Learn from lecture supported by slides
Solve coding challenges
Complete practical exercises
Participants will experience how design patterns simplify design but also how the design is complicated when patterns are used incorrectly. They will adventure how the design need to be adjusted due to changing requirements.
Design Patterns are common solutions to similar groups of issues. They’ve proved to be useful and helpful due to their reusability and effectiveness. Software Design Patterns were described for the first time in 1994 in book “Design Patterns : Elements of Reusable Software Architecture”. After many years one of the book’s authors - Ralph Johnson - during his talk “21 years of Design Patterns” said “We could have done better, but I think we’ve done pretty well”. Fortunately the need to make use of design patterns is not visible at the beginning of software development. This way we can avoid over engineering and clean the design by applying design patterns when it is really required. Design patterns pays of only behind certain level of complexity. When the codebase grows we begin to miss some design pattern and think “if I only had a strategy / state / chain here instead of nested if-else statements...”. These thoughts motivate us to perform refactoring into design patterns at the correct time - not too early and not too late. This workshop this is a continuation of “Refactoring to Clean Code” training and is based on an assumption that attendees can perform some initial clean-up of codebase. Such a clean-up is allows us to notice emerging design patterns out of the mess of legacy code.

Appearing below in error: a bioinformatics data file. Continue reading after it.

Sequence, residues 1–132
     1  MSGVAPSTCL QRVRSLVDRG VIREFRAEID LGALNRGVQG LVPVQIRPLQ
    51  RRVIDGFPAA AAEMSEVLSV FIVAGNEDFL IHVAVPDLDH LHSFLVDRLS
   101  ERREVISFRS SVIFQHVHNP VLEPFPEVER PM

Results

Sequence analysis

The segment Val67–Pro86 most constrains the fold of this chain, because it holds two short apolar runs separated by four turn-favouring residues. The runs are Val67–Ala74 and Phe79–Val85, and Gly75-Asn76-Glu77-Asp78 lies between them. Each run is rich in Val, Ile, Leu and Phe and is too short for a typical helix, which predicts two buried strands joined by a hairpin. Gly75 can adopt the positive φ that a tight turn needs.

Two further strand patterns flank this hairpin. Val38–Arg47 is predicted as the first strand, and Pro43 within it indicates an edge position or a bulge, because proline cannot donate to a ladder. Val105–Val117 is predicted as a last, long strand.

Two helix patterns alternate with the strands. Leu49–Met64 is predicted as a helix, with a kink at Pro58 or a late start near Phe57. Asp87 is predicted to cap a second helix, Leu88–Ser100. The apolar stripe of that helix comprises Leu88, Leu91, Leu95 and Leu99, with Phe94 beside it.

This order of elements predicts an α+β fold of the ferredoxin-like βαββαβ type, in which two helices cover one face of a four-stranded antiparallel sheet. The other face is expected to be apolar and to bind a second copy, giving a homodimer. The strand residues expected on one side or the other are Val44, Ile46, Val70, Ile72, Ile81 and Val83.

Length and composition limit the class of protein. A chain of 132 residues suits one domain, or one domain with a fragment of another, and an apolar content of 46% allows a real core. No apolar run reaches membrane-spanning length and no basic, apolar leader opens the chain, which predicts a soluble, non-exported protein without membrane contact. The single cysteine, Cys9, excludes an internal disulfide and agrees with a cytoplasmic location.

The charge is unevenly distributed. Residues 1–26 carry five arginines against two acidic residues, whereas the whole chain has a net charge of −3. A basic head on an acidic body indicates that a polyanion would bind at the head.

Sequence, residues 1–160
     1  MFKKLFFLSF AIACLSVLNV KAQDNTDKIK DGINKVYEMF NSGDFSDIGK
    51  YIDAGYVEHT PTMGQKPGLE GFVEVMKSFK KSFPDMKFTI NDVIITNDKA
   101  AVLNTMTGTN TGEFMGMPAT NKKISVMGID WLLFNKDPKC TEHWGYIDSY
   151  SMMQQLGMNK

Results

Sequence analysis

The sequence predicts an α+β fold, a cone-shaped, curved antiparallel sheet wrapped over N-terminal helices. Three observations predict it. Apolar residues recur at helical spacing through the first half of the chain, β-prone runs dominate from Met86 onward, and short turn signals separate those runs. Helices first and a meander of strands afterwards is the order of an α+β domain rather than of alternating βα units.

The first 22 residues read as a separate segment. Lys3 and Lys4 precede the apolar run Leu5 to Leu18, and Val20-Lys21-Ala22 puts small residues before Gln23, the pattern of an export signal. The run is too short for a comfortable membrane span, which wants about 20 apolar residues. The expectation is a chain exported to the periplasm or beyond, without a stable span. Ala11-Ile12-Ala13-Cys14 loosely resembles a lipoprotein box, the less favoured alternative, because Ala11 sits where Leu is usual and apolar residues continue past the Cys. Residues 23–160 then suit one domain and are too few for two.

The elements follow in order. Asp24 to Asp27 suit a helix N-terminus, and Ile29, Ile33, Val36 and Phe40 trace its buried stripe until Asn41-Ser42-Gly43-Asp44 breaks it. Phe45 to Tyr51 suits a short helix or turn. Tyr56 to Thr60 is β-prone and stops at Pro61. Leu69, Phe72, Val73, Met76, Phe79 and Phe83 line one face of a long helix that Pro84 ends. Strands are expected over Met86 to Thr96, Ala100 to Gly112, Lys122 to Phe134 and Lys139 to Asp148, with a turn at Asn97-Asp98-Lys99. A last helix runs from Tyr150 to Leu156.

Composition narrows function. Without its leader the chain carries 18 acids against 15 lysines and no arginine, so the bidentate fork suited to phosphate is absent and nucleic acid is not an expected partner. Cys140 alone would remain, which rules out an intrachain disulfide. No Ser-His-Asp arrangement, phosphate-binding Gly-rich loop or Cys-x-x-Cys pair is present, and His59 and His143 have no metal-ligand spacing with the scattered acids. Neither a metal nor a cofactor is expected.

Keynote : 5 Dysfunctions of a Team that impede refactoring Live refactorings that end up with below design patterns
This is a very extensive training and usually it is conducted as one (very extensive) single day. On demand it might be delivered is as 2 days of 4 hours or extended into more content. This lets the developers focus on other daily activities in the remaining part of the day.
Experienced developer, trainer and a speaker on international conferences. Specialised in handling and refactoring legacy code.